First, because the plants don't absorb nutrients always in the same ratio during all their So it's important to say that the plants absorb all the elements during the whole cycle. What changes during the cultivation is the ratio between them. For example, when we are looking at the nutrient ratio, one of the most important is for sure the ratio between the potassium, calcium and magnesium. In fact, plants during their stage are likely to uptake more calcium and magnesium rather than in the last part of their cycle. While when they are finishing their crop life and proceeding through maturation, they tend to absorb more potassium than in the beginning. This happens because when plants are younger they grow faster and so they need more magnesium and calcium to support the new tissue formation. While when they are achieving the last stages, they need more potassium to complete tissue or fruit maturation.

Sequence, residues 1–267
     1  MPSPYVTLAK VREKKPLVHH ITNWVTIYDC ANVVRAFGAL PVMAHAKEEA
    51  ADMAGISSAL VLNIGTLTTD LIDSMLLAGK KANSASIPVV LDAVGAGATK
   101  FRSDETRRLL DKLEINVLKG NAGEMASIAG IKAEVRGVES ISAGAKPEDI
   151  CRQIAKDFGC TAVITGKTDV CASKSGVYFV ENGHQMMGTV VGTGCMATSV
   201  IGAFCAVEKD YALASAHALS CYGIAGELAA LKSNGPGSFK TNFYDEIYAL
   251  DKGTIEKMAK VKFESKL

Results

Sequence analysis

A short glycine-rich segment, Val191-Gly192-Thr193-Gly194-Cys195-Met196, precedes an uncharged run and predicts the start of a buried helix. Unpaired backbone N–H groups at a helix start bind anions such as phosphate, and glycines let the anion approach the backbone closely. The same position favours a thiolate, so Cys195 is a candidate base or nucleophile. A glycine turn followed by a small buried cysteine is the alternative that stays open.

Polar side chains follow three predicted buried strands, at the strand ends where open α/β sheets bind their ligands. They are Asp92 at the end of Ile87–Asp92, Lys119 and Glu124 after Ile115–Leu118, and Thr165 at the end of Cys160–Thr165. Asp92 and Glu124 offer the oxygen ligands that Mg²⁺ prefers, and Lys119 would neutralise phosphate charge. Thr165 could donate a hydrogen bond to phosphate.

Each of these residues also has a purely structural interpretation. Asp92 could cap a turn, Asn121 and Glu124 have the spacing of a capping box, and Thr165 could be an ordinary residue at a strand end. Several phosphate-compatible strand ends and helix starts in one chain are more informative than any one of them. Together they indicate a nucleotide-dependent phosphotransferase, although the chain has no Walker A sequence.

Filippo [00:02:51-00:03:08]
The nutrient ratio is important when looking to the phenological stages but also do we have to change the nutrient ratio? For example, looking to potassium and calcium and magnesium according to the climate conditions we have in the greenhouse?
Dimitris [00:03:10-00:04:05]
Certainly, we should always give plant nutrients in a specific ratio not only balanced for crop stages but also according to the climate they are facing. Since this drives their development during the season, focusing again on potassium and calcium-magnesium ratio, we can say that in the hot season, with high sunlight, when plants would probably increase their growth rate, we should at this point increase the supply of calcium and magnesium because they are crucial for a proper tissue formation. In the opposite way, when our plants are in a cool season, with low sunlight, we must support them by increasing the supply of potassium in order to have a better plant resistance to low temperature.
Filippo [00:04:07-00:04:27]